Meet our Project Artist!

With our new Body Voyager galleries set to open this summer we would like to introduce you all to Inês-Hermione Mulford, Project Artist for Body Voyager. Inês is an Edinburgh based realist painter who graduated from Edinburgh College of Art with a BA (Hons) in Painting in in 2016 and in 2018 she graduated from…

A shot of polio-infected rat brain please, barman!

In this blog our Senior Research Fellow, Professor Ken Donaldson, explores the history of the polio vaccine. This blog describes the history of the development of the polio vaccine. It was developed in the middle of the 20th century at a stage when our knowledge of the immune response and how viruses behaved in the…

A vaccine trial with a public audience and rave reviews

With the recent roll out of the covid-19 vaccine all eyes have been on the clinical trial data. In this blog our Senior Research Fellow, Professor Ken Donaldson, tells us more about a very different vaccine trial. As we have seen with the Covid vaccine, the modern vaccine trial process is complex and highly confidential…

2020: A Year In Review

As we prepare to say goodbye to 2020 we thought we would keep up the tradition of looking back at the year with our “Year in Review” blog. 2020 has been a year like none of us have ever experienced before and we have been very fortunate to have a great team here at Surgeons’…

The Spanish orphans who became living vaccine incubators

In this blog our Senior Research Fellow, Professor Ken Donaldson, looks at the history of transporting vaccines. We are currently at the mercy of a pandemic and are awaiting ‘cavalry’ in the form of vaccines.  The first vaccine that has emerged from testing needs to be stored at -70 o and this highlights the necessity…

Meet the two versions of Phineas Gage

Senior Research Fellow, Professor Ken Donaldson, first encountered the story of Phineas Gage during a major course Psychology at University of Stirling in 1974 and this fascinating tale has stuck with him ever since. In this blog he tells us more about the curious case of Phineas Gage. A moral man, Phineas GageTamping powder down…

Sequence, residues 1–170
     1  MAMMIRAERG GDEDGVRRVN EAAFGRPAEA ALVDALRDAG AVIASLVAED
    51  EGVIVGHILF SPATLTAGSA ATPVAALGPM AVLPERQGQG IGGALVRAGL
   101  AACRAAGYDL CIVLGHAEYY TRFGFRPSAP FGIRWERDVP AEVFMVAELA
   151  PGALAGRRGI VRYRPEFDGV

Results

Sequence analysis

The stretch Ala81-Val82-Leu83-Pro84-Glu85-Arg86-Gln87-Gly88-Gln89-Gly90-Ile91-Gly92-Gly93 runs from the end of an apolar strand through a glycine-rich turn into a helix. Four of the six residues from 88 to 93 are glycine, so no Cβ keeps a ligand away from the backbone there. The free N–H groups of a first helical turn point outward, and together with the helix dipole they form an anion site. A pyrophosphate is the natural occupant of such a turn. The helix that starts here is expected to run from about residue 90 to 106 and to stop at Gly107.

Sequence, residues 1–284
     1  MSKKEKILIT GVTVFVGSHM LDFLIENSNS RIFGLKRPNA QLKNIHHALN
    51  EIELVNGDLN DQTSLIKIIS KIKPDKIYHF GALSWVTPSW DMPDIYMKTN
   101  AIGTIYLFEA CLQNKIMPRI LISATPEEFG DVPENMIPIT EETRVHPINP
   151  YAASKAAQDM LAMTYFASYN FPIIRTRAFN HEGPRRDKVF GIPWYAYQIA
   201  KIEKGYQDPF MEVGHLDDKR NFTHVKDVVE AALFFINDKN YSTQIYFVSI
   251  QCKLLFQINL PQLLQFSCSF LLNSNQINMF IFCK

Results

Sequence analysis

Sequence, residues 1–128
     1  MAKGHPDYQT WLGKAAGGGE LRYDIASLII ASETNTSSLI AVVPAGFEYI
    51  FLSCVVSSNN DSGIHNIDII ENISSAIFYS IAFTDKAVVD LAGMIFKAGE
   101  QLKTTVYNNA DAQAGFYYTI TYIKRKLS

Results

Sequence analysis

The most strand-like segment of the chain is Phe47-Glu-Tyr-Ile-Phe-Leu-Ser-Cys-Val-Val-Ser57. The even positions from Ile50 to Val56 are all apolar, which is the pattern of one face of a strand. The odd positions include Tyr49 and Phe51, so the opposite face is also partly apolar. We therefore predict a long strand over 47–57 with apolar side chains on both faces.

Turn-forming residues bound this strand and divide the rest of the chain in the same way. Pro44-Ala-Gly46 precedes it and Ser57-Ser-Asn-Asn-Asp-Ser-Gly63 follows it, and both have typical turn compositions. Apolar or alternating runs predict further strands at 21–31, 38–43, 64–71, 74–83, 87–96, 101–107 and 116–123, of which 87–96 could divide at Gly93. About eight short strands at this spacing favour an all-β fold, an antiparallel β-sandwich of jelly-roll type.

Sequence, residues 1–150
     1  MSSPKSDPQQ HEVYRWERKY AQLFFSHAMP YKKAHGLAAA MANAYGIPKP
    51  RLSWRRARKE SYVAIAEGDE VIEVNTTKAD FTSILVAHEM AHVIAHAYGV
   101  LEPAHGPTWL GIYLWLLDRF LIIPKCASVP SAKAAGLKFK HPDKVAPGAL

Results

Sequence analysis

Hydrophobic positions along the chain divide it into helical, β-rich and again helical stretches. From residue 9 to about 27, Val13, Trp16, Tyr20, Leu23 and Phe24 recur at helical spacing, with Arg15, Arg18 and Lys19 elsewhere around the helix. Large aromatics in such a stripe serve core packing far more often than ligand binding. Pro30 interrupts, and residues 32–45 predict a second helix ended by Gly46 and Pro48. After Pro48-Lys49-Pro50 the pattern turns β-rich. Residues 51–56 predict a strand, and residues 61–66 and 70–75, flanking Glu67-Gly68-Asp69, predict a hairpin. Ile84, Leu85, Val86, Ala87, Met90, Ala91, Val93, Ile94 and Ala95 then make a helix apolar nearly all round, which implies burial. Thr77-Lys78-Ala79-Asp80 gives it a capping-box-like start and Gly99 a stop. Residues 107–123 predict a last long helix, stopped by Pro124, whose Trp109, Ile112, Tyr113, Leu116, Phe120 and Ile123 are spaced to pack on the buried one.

A Question of Balance

Our Human Remains Conservator, Cat Irving, tells us more about the history of insulin. Anyone with type 1 diabetes is familiar with the concept of balancing their blood sugar – weighing activity and food against medication. This is something I have lived with daily for nearly thirty years. It is a condition that is dealt…

Meet Daniel Sickles

Our Senior Research Fellow, Professor Ken Donaldson, tells us more about an interesting tale he came across during his research. The Battle of Gettysburg, in July 1863, was the bloodiest Battle of the American Civil War, producing about 50,000 casualties over 3 days of fighting around Gettysburg, Pennsylvania. The battle had begun badly for the…

An Eagle’s Skull

Our Human Remains Conservator was doing some work for our new Body Voyager galleries when she came across a skull which had an unusual feature. In this blog she explains what makes this feature so rare and tells us more about the condition that caused it. Sometimes in a museum you find things you aren’t…

The history of vaccination – learning to hoodwink immunological memory

In this latest blog our Senior Research Fellow, Professor Ken Donaldson, takes us through the history of vaccination. As we all wait for a vaccine against Covid-19, it’s timely to consider the history of vaccination and its nature. The basis of vaccination is that serious infection by a virus or bacterium can be prevented by…